sickle_s.gif (30476 bytes) People's Democracy

(Weekly Organ of the Communist Party of India (Marxist)

Vol. XXV

No. 49

December 09,2001

Rich Tributes Paid To Comrade Nanduri Prasada Rao

M Venugopala Rao

COMRADE Nanduri Prasada Rao, popularly called NPR, ceaselessly worked for the communist cause till his last. With a record of over 67 years of dedicated work, he was a truly tireless fighter and contributed a lot to building the kisan and working class movement in the country.

Comrade Nanduri Prasada Rao passed away at about 8.30 p m on November 29, at a private hospital in Hyderabad.

After his body was brought to M B Bhavan, the CPI(M)’s state committee office, leaders and hundreds of workers and sympathisers in the city and those coming from several districts paid homage to NPR, amidst reverberating slogans. Leaders of the CPI(M), several leaders of other Left parties, the Congress, TDP, other parties and of a number of mass organisations laid wreaths on NPR’s body at the M B Bhavan, and paid homage to the departed leader. CPI(M) leaders Prakash Karat, Koratala Satyanarayana, L B Gangadhara Rao and B V Raghavulu, CPI leaders D Nagabhushana Rao and S Sudhakar Reddy, MCPI leaders B N Reddy and M Omkar, TDP general secretary S M Lal Jan Basha and minister K Vijayarama Rao, and Congress leader P Janardhan Reddy were among the large number of leaders who paid homage to NPR.

Rich tributes were paid to Comrade NPR at a condolence meeting also, held in M B Bhavan on November 29. It was attended by CPI(M) Polit Bureau member Prakash Karat, among others. Hundreds of party workers, sympathisers and admirers gathered for the meeting that was presided over by the CPI(M) Central Committee member Koratala Satyanarayana.

In the death of Comrade NPR, one of the builders of communist movement in the country, the entire Indian communist movement has suffered a loss, said Prakash Karat. He said Comrade NPR was one of the team of Andhra leaders who did not confine themselves to building the movement within their state but contributed to the efforts to build an all-India movement.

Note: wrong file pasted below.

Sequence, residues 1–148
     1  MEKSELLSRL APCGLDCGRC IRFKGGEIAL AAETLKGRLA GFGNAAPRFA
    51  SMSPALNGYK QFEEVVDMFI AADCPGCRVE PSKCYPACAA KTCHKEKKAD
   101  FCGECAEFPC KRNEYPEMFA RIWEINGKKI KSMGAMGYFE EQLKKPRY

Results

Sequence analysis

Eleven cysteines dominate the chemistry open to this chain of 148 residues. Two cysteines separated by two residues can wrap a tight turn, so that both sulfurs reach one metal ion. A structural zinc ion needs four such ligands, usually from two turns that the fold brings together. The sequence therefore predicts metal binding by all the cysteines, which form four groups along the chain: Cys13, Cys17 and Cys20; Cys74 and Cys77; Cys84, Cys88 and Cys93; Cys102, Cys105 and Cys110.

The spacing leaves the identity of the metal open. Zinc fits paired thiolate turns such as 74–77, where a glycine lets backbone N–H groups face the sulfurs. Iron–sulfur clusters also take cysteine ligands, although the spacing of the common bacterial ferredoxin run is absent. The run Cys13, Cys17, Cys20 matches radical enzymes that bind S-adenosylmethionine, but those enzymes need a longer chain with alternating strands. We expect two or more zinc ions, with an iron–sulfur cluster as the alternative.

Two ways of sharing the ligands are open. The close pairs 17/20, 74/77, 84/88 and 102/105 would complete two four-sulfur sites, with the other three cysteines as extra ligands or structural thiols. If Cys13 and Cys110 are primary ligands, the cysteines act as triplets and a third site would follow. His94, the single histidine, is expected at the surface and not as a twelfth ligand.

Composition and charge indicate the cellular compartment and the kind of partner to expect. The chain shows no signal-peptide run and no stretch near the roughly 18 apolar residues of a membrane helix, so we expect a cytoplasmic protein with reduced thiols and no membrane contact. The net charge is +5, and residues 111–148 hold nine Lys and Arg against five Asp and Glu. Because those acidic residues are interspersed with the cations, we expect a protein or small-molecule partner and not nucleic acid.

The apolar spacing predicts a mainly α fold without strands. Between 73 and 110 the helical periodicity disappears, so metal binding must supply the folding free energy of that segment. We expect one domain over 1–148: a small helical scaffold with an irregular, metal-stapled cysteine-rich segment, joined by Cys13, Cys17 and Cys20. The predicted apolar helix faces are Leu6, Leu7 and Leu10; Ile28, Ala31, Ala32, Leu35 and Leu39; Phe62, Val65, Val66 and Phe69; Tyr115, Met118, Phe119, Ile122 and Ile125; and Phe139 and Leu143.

"Many people of the present generation know Comrade NPR as a veteran trade union leader alone. But he also worked as general secretary of All India Kisan Sabha," reminded Karat.

Recollecting NPR’s relentless struggles and sacrifices for nearly seven decades in building the communist movement, leaders who spoke at the condolence meeting held in the afternoon asked the present generation to draw inspiration from NPR’s life and carry forward his work. Prakash Karat said the death of Prasada Rao, one of the builders of the communist movement in the country, was a loss to the entire movement and there was a deep sense of grief all over. Participating in the heroic Telangana armed struggle, NPR spent underground life during 1947-53. Communist leaders from Andhra Pradesh did not confine themselves to building the movement in the state but endeavoured to build it throughout the country. Prasada Rao was one of them, Karat added. Though NPR came from a rich family, he lived a simple life and moulded himself into an ideal communist. Even in his late eighties, he used to attend to the Central Committee meetings and actively participate in the deliberations, expressing his views.

Prasada Rao used to study the party reports thoroughly. Karat said only two months back Prasada Rao had written him a letter stressing the need for ideological thrust in a document prepared by the Central Committee. Recollecting his first acquaintance with NPR when both of them attended a meeting of the Central Committee, Karat revealed that by the time he woke up Prasada Rao had swept the room and washed clothes of both of them. To avoid a similar embarrassing situation, Karat was forced to wake up early thereafter. NPR treated the party as a family and other comrades not as colleagues working for the movement but as members of a family. NPR tried to identify and rectify in time whenever parliamentary deviation cropped up in Kerala, West Bengal, northern India and anywhere else in the party, Karat said. Drawing inspiration from NPR’s life and carrying on his work of building the movement for social transformation would be the real homage to him, Karat reminded. On behalf of the CPI(M) Central Committee and Polit Bureau, Karat conveyed deep sorrow and heartfelt condolences to the NPR’s family and the Andhra comrades.